Archive for December, 2008

Hamas must be eliminated

Tuesday, December 30th, 2008

“There is no one in the world that understands why Hamas is continuing to fire rockets at Israel…the firing defies reason and logic, and it doesn’t stand a chance.” — Shimon Peres, quoted in the Jerusalem Post

Peres is incorrect. Anyone who understands Palestinian psychology understands exactly why Hamas continues to fire rockets at Israel. Barry Rubin has explained it in numerous articles (for example, here and here), but possibly Peres doesn’t read Prof. Rubin. Here is a quick summary:

  1. Economic improvements or even getting a Palestinian state are not important. What is important is progress toward regaining Palestinian honor by driving the Jews out of the Middle East.
  2. As a corollary to the above, Palestinians that advocate compromise with Israel are considered traitors to the cause. The more radical you are, the more admired.
  3. ‘Moderation’  in Western terms is the same as ‘giving up’ for Palestinians. And one must never give up: after all, it took a hundred years to kick the Crusaders out of Palestine.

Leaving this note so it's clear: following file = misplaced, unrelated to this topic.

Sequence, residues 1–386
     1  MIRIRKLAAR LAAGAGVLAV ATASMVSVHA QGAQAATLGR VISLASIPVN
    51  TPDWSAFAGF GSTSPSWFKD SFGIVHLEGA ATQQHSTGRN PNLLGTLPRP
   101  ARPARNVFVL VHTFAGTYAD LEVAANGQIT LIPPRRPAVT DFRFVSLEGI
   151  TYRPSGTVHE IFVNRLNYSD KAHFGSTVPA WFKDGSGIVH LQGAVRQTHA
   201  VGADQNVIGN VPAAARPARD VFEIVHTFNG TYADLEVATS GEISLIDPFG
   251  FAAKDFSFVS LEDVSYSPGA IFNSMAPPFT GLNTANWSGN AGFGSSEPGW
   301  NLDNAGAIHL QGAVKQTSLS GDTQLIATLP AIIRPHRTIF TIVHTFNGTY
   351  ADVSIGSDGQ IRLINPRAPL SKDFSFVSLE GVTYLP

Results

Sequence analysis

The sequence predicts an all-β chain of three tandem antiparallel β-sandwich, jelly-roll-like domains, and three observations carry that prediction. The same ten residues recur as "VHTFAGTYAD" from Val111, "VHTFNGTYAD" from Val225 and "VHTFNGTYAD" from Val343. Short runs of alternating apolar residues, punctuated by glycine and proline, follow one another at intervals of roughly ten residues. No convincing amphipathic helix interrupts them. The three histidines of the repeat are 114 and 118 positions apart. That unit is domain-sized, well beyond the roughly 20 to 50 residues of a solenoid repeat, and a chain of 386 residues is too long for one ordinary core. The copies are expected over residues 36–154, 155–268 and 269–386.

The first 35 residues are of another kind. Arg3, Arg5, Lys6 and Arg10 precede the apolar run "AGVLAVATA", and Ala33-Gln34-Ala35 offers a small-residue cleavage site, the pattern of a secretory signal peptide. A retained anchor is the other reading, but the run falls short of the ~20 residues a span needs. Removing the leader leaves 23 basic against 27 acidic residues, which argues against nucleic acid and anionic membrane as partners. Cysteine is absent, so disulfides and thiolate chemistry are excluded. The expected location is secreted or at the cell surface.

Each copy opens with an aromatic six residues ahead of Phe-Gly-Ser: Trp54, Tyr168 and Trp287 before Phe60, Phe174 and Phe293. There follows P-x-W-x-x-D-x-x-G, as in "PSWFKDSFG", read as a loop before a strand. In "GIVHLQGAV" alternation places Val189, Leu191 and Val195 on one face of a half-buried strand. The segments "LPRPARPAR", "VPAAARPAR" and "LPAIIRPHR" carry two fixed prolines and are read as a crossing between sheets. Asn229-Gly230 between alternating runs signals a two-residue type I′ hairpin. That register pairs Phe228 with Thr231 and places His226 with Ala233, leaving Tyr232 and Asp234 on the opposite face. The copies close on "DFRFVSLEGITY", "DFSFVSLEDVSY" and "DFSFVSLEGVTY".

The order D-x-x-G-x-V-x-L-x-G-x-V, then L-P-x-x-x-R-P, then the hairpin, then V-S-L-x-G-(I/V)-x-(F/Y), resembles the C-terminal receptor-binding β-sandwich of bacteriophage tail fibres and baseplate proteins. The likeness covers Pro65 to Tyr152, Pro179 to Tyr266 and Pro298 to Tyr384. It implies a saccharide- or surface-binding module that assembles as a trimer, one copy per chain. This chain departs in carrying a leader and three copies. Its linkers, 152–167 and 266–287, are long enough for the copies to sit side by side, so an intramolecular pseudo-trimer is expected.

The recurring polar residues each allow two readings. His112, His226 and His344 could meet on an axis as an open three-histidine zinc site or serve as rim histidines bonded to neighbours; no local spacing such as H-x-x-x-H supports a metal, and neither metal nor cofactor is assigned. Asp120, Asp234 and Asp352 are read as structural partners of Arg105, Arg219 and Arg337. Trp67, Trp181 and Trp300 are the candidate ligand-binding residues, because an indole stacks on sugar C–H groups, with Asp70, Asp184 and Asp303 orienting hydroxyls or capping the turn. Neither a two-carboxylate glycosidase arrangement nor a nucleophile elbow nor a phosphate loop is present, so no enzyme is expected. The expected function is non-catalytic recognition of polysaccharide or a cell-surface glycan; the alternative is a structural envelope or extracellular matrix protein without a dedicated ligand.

4. For Hamas, all of the above is demanded not only by honor, but by Islam as well.

Yes, Hamas could stop firing rockets and then Israel would have to stop bombing it. Indeed, if Hamas would restrain itself and its associated factions from terrorism, Israel would open the crossings and life would be much better for everyone in Gaza (not to mention Israelis within rocket range).

To go even further, if Hamas would simply pronounce the formula of recognition for Israel, acceptance of prior agreements and renunciation of terrorism it could obtain a controlling role in the Palestinian Authority and receive huge amounts of money from the West. But to do so, or even pretend to do so, would be unthinkable, and Hamas would lose the support that it has gained by being pure and uncompromising.

This is actually something that I like about Hamas. Their honesty works to their disadvantage. Yasser Arafat made great gains for his movement — he weakened Israel, obtained money and arms, developed several private armies and terrorist gangs, and took control of territory that had been in the hands of Israel simply by lying.

Arafat took advantage of — I have to say this — ignorant people like Shimon Peres who believed that Arafat wanted a Palestinian state living at peace with Israel, who could not imagine that he would be irrational enough to prefer privation and war to prosperity and peace. Despite the fact that there were plenty of Arabic speakers around to translate and plenty of physical evidence that he was financing terrorism, they insisted on believing his soothing remarks made in English. But his people understood his calls for jihad quite well. Hamas is apparently incapable of this kind of dissimulation.